Episode 30: Time

Wandering DMs Season 01
Episode 30: Time

Dan and Paul discuss the passage of time in D&D games, from hours of torchlight, to weeks of spell research, to what their game calendars look like.


  • JB

    Hmm…good episode with regard to “Time.” I will say that back in the AD&D days of my youth, we were not fantastic timekeepers (as teens, we weren’t all that organized), but we *did* track it somewhat as we would sometimes have portions of our characters off on one adventure when other players were unavailable. It wasn’t that we had dozens of people stopping by the basement every night of the week…but as KIDS beholden to parents/families and who lived fairly far apart (and who did not have access to cars) we did not have regularly scheduled meet-ups. “Haphazard” was more our style, though we played as much as we possibly could, including playing over the phone or via (snail) mail correspondence when forced onto out-o-state family trips. Likewise, most of the players in our group (we had eight at our largest size, of which only four-five were “regulars”) possessed multiple characters…for a variety of reasons (ranging from “my PC died so I’ll make a new one, oh you raised my old guy? Cool!” to “Ooo I want to play a Drow/Barbarian/Acrobat that’s presented in this Unearthed Arcana/Dragon magazine/etc.”). Having a stable of characters allowed players to go on adventures while their main characters were missing, doing downtime business, or otherwise “busy.”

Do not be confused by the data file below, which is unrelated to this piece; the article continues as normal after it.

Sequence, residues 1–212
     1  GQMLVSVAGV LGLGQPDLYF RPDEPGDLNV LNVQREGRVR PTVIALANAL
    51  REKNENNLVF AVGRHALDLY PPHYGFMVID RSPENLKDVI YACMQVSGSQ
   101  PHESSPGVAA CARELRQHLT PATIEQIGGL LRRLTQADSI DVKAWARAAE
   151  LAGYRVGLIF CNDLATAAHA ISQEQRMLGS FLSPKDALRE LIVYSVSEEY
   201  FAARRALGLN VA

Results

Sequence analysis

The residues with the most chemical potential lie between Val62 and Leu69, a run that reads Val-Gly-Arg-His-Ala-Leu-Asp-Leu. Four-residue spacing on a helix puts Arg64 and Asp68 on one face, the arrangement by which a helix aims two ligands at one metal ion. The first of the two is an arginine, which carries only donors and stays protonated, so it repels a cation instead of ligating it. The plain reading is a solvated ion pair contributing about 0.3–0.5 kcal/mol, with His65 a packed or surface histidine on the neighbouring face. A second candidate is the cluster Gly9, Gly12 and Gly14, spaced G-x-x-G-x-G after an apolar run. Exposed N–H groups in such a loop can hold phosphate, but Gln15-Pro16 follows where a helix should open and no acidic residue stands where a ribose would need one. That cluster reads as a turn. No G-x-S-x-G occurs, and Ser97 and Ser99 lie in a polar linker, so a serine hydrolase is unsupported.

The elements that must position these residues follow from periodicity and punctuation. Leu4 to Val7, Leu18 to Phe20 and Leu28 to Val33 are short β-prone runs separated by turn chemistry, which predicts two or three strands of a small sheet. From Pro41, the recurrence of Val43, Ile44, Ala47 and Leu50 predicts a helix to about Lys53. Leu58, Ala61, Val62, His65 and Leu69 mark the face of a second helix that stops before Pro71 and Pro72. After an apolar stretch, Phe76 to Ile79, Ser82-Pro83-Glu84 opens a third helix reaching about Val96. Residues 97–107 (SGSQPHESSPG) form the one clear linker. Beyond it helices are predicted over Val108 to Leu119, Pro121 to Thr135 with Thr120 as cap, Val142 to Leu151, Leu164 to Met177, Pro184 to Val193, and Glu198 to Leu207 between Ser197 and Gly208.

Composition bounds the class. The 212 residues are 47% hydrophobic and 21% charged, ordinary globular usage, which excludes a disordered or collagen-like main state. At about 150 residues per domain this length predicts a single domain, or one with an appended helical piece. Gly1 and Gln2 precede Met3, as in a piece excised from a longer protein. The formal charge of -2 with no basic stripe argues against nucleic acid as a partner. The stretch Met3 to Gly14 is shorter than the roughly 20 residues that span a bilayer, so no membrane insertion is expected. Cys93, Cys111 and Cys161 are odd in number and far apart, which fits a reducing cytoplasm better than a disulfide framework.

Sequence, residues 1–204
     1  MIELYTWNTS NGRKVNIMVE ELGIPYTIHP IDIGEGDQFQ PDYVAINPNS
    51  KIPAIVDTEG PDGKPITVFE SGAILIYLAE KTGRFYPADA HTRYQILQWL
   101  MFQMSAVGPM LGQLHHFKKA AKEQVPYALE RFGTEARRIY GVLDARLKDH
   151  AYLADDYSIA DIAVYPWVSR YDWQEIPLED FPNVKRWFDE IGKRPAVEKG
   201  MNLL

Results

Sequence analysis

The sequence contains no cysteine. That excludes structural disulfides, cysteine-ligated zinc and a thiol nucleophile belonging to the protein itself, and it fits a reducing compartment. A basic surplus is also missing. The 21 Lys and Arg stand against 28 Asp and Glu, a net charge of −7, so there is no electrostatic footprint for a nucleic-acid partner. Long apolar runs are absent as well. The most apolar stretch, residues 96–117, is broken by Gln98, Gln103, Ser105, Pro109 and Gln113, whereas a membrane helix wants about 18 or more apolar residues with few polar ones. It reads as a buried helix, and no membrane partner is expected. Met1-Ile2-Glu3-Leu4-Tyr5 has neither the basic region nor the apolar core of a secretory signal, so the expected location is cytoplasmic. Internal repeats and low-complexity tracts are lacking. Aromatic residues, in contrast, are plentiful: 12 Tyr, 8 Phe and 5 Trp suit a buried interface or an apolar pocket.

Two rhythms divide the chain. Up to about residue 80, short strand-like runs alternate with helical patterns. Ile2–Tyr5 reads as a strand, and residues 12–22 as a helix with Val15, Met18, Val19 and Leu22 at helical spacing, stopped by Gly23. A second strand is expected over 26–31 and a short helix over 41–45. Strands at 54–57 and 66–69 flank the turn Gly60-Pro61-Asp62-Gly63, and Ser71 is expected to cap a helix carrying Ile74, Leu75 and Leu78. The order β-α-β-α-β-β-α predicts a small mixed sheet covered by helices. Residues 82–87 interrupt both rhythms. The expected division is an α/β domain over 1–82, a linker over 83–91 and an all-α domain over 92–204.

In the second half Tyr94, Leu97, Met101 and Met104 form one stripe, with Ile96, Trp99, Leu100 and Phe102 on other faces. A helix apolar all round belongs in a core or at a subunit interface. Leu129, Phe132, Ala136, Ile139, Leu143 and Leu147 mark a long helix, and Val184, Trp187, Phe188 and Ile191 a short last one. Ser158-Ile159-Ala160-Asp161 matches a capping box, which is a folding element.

For a look at someone running this kind of (AD&D) campaign as an organized, serious adult, check out Anthony Huso’s excellent blog, The Blue Bard. It’s pretty darn inspiring:


    • Paul

      Thanks for listening! I’m certain games in my youth were far more haphazard as well, but I don’t recall ever having to move back in time, or reconcile conflicting timelines. I suspect that’s the best way to do it still – always move the timeline forward.

  • Erick

    Hey, I really enjoy this show and look forward to painting minis and listening every week. Paul was showing off his time tracking sheets in this episode and it reminded me of how I track time. But instead of using paper, I click a button on a little application I wrote: https://github.com/erickveil/TimeTracker

    At the end of each session, I just write down where we left off, then set the time on the app at the start of the next session.

  • Paul

    Nice! There was a time when I was running WFRPG and I had wiki-based calendar that I used. Though I’ve had a kind of love-hate relationship with having a computer on the table as part of my RPGs.

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